The CDE challenged him to commit the next 3 months to making sure he gets his insulin before eating, something I've been trying to pound into his head for the past several years. She lectured him pretty hard about it. She's certain that his waiting until after he eats to get his insulin is a huge factor in his a1c being higher than expected. I tend to agree. Hopefully hearing it from someone other than Mom will be just what he needed.
     
  5. Helenmomofsporty13yearold

    Helenmomofsporty13yearold Approved members

    Joined:
    Oct 5, 2008
    Messages:
    702
    The same thing happened here when DD started pumping. Puberty, growth spurts, eating continuously with the freedom to eat without doing a shot, how much BG's shoot up when there is a problem with a site, not changing site before it stops working, teenage moods; there are so many variables. The teen years are tough and an A1C of 8 is actually the envy of many a teen. Try not to feel guilty and disappointed. Our endo says pre-bolusing for meals drops A1C's by .5. It is not unusual for teens to not be good at remembering to do that on their own until they are a bit older than your son.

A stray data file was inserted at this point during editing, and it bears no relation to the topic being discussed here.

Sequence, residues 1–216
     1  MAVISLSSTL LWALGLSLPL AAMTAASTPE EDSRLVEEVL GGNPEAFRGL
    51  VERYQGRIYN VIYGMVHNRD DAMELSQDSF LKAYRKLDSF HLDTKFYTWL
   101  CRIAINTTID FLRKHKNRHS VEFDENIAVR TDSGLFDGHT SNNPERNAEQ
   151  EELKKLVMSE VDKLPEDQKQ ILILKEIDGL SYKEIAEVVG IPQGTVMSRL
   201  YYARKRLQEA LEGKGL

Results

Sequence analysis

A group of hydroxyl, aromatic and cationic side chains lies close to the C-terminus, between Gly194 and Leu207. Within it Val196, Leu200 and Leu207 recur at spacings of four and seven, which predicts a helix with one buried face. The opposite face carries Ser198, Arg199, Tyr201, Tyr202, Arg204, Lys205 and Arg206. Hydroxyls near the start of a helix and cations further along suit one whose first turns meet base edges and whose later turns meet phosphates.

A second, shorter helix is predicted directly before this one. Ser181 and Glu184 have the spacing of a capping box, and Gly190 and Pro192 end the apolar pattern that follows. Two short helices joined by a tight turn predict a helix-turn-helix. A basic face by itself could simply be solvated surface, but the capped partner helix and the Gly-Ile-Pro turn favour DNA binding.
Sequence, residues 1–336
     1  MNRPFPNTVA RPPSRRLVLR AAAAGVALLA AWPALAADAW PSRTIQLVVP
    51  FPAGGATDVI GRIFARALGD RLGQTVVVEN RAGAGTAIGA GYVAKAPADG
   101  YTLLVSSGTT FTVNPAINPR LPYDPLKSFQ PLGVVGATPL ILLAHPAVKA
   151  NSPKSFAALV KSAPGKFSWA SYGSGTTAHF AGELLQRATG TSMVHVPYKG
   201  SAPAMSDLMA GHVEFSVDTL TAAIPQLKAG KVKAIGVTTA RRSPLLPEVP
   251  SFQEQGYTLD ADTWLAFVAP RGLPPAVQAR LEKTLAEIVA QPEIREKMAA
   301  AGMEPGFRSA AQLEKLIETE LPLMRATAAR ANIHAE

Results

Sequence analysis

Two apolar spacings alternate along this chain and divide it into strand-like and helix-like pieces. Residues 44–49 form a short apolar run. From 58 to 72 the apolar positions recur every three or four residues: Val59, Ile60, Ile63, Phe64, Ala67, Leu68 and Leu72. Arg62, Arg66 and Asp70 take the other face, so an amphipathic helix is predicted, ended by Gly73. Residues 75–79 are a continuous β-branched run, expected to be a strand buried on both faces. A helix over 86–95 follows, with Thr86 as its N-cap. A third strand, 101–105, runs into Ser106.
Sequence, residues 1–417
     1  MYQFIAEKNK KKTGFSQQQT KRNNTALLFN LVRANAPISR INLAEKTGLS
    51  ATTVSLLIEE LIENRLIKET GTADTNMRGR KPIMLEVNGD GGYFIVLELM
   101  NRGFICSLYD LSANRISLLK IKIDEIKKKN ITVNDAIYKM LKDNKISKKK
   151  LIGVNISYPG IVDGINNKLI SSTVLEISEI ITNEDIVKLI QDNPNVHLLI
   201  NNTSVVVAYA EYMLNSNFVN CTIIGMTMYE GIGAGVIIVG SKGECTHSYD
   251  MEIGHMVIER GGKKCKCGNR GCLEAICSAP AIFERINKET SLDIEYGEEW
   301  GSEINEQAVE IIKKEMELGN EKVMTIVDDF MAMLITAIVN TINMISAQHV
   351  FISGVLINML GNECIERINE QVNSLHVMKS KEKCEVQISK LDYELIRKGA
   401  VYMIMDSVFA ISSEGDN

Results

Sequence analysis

6. hawkeyegirl

    hawkeyegirl Approved members

    Joined:
    Nov 15, 2007
    Messages:
    13,157
    If he doesn't want to decide before he eats exactly how much he wants to eat, have him prebolus something like 40 carbs, and then bolus the rest afterwards. That alone can make a huge difference. :)
     
  7. Beach bum

    Beach bum Approved members

    Joined:
    Nov 17, 2005
    Messages:
    11,315
    This is what our nurse challenged our daughter to do, and we are seeing results. It really does help.
     
  8. heamwdevine

    heamwdevine Approved members

    Joined:
    Feb 18, 2009
    Messages:
    698
    You guys will get the hang of it. Once you get the basal narrowed down a little better Im sure it will drop for you. 2 hour post meal checks/corrections also helped us with keeping the A1c down.
     
  9. Mimi

    Mimi Approved members

    Joined:
    Dec 19, 2008
    Messages:
    1,906
    Just wanted to let you know that dd's A1c also went up after pump start.

    This is exactly how I felt.
     
  10. Ali

    Ali Approved members

    Joined:
    Aug 1, 2006
    Messages:
    2,223
    This is such a reasonable and logical way to deal with stuff that I can not believe that it is just not a standard guideline, regardless of using shots or a pump.:cwds:ali